New routes, more efficient buses, and road improvements were highlighted today as the city of Asheville marked the official beginning of its transit overhaul, coinciding with the beginning of Strive Not to Drive Week.
Local government officials and community leaders rode one of the city's hybrid buses around town as Transportation Director Ken Putnam highlighted road improvements (some paid for with federal funds), and advantages to the new routes, including a long-awaited route that runs across town while avoiding delays in downtown.
Along with new routes, the system's getting a name change (to Asheville Redefines Transit) and marketing that the city hopes will make it easier to use and more appealing, including a trip planner. Fares are free for the next three weeks. Putnam also touted plans to bring more sidewalks to East Asheville, and better connect the city's bike lanes and sidewalks with the greenway system. The changes are the first phase of a much larger transit master plan.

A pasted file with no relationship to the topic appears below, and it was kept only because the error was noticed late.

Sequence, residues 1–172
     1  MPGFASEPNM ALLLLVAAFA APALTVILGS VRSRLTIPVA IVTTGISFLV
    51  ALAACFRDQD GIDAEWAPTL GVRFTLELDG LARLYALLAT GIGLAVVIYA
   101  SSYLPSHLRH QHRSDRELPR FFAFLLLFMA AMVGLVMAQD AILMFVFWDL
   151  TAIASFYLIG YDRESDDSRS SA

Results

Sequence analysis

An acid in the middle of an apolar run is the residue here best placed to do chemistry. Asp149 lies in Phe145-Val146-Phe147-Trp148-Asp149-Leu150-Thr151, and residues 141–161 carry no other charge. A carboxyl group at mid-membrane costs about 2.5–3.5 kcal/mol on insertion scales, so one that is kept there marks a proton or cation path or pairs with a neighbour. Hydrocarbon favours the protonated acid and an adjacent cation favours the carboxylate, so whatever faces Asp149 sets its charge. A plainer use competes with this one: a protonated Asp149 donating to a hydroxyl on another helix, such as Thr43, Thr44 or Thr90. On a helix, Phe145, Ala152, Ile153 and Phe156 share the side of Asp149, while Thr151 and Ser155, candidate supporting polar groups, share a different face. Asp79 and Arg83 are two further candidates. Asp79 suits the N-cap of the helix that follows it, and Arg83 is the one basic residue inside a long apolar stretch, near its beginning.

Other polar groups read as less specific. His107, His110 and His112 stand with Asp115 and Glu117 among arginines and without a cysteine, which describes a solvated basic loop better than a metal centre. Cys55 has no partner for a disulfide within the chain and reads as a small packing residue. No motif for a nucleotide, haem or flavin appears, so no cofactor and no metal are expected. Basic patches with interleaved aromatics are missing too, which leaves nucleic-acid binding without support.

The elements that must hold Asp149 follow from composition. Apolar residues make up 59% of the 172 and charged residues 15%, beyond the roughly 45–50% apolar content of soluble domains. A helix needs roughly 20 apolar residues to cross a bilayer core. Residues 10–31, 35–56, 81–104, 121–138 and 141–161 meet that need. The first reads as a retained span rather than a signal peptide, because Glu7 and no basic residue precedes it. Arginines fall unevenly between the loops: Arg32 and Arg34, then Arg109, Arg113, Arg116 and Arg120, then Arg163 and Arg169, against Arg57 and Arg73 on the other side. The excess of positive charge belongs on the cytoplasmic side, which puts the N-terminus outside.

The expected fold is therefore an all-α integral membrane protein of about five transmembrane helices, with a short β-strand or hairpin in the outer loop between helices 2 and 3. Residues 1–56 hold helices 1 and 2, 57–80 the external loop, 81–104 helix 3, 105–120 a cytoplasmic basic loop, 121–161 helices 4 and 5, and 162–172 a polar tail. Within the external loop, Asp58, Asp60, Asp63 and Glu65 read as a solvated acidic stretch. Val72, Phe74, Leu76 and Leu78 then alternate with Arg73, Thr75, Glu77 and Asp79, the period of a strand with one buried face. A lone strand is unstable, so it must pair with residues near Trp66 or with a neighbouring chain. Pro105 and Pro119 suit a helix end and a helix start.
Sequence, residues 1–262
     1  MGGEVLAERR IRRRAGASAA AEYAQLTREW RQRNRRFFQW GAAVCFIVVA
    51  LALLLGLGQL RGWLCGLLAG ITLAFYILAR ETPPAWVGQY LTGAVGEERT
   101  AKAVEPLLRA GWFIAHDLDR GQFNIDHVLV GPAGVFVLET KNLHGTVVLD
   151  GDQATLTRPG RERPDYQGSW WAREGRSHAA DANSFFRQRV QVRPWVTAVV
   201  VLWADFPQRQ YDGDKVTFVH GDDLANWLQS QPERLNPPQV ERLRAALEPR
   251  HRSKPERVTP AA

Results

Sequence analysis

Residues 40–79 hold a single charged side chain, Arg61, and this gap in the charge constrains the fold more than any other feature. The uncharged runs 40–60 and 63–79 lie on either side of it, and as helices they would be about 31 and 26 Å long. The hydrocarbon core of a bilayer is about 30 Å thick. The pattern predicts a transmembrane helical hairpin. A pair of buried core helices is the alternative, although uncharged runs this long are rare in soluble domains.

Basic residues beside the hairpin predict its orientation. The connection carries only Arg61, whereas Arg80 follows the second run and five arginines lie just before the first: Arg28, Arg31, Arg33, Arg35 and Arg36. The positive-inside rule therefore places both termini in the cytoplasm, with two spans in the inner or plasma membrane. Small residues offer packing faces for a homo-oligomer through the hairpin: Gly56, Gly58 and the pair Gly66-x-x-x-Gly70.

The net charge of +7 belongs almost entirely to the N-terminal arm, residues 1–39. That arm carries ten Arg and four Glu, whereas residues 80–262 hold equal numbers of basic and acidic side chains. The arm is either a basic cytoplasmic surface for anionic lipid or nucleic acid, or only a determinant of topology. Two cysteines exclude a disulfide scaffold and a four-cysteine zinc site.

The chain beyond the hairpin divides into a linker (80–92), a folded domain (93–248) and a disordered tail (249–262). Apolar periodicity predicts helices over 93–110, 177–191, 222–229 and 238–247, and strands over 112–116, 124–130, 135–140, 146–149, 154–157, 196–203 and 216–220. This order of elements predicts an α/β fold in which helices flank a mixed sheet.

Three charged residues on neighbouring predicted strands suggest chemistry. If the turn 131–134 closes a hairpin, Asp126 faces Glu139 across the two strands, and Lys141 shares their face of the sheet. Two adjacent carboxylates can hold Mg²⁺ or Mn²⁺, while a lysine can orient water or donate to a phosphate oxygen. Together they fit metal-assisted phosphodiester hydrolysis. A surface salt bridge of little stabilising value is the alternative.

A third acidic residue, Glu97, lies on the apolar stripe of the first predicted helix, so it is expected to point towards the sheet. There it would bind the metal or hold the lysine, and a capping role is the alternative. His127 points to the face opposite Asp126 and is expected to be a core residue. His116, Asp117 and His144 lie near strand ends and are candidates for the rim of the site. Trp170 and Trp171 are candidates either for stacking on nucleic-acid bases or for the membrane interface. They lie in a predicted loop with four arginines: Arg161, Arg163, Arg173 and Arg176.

After the ride, Council members and Mayor Terry Bellamy gathered for a ribbon cutting to officially mark the start of the system changes. Bellamy emphasized that the transit system handled the changes without any new revenue (though outside grants and government funds did help with some of the improvements).
"With no budget increases, we've been able to make improvements for people with disabilities, improve on-time performance, increase frequency of major corridors, consolidate day and night services and make more sidewalk connections," Bellamy said. "The city's making investments in a more sustainable future by taking into account how all types of transit work together."
After the ribbon cutting, about 80 cyclists gathered for the annual Mayor's Leadership Ride to mark the beginning of Strive Not to Drive Week.